There is much written in fact and fiction on the Roman Empire, and this book is a glorious blend of exactly that, fact and fiction. It is full of the ..Show More »jargon and phraseology of the systems, ranks, and legalese that are the basis of the federal rule that is the government system of the day in Rome. The book is set at a time that is pre Julius Caesar who enters the book as a lowly senator prior to his greatness becoming a matter of history, but as the book is written the secondary part that Julius plays, leaves you in no doubt that julius Caesar is one to watch!
The main part of the story told through the eyes of a slave with privileges, tasked with acting as a secretary for a man named Cicero, following him wherever he goes and acting at times as his friend and sounding board for the sometimes radical thinking that Cicero is prone to use. Cicero is a senator, and lawyer with less power than those he seeks to challenge, he uses his gifts of clear argument, and a huge gift for articulation, in writing and delivery of those speeches to win over those who wield the real power. Amongst the common man Cicero holds almost rock star status because of those gifts and as such when he does speak the people listen, and with that gift comes much responsibility which Cicero accepts with dignity and commitment, as essentially a good and honest man and never forgetting that at the heart he is but a citizen of Rome.
The story follows Cicero's rise in both power and influence. He however is an honourable and honest man at his heart and often comes into conflict with those who hold the real power and who are clever enough to use that power and influence to manipulate the majority for their own selfish ends. Cicero, does not let these doyens of wealth and power get away corruption theft and manipulation and fears no one in the delivery of justice and honesty in all things he touches.
The narrator for the book brings a great deal to the story and the writing which is littered with the words and phraseology of the forum,it's ranking and political positioning which Bill Wallis delivers these sometime complex phrases and words with confidence and clarity. His characterisations are consistent and well developed and as a narrator in this novel was for me the perfect choice for a book that would I think be at times a difficult read without him there. I like this book a lot for its assumed and educated approach, the story that unfolds and the intrigue and political sculduggery that develops and held my interest as it is both educational and entertaining, and as such I have difficulty finding anything negative to say, well done Robert Harris and well read Bill Wallis.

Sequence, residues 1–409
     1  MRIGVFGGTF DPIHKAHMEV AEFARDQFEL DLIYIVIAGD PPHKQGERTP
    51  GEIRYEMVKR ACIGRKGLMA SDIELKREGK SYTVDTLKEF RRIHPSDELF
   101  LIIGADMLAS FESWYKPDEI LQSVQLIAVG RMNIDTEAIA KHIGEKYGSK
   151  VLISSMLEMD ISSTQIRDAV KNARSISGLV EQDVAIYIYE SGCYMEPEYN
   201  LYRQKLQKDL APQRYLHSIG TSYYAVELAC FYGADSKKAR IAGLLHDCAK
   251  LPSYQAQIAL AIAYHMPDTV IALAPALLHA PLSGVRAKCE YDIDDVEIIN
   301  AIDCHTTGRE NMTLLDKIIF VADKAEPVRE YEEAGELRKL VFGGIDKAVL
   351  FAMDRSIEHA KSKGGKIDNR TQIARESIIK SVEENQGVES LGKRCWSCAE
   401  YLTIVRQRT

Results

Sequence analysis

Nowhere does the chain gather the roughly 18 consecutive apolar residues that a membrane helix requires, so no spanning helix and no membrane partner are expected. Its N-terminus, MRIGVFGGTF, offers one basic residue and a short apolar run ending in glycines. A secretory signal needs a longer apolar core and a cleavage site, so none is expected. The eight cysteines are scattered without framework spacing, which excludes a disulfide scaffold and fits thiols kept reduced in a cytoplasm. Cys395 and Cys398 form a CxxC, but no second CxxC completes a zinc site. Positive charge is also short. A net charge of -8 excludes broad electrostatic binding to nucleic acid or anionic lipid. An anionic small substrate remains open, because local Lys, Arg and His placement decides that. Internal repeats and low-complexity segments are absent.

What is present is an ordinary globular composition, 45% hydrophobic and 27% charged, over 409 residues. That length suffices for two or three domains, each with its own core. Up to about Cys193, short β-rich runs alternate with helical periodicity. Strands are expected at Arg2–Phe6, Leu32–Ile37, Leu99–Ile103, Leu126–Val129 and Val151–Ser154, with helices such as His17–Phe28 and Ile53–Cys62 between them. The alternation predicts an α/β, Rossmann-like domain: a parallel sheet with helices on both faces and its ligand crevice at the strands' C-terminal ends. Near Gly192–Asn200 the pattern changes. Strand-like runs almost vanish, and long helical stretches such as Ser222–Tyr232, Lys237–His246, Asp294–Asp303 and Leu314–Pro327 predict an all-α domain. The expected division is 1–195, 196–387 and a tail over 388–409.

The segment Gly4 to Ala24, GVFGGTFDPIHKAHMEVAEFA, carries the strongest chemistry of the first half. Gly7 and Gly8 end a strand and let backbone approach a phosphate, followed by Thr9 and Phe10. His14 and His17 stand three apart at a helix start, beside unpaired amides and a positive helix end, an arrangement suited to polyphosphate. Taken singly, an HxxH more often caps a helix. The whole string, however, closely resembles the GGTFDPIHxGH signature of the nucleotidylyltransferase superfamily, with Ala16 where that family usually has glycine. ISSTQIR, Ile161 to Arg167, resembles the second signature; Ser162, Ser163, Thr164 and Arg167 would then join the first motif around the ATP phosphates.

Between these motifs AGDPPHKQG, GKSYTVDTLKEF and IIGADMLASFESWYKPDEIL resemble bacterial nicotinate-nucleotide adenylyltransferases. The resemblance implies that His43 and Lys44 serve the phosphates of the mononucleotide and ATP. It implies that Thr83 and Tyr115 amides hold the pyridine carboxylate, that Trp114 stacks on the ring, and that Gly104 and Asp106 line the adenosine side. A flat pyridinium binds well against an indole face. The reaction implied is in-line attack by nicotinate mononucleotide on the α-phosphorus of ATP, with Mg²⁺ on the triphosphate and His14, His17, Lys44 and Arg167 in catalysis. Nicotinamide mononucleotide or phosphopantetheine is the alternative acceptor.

Needless to say, Bill Wallis is sadly missed. He was fabulous as Tiro, and in so many other rôles! It took a wee while to adapt to David Rintoul, thou..Show More »gh I've enjoyed his reading very much in other books. I'd got the feeling of Tiro as an educated provincial, but here Rintoul sounds upper-crust and establishment. Still, we all needed to hear the end of Cicero's life, and even more come to a resolution to the life of Tiro, who lived so, so long, and survived "interesting" times. Robert Harris has, however, kept me enthralled through 3 fat volumes on the life of Cicero, studied in Latin in my schooldays and written off as a pompous old bore. He was that, but more too. "Non modo, sed etiam."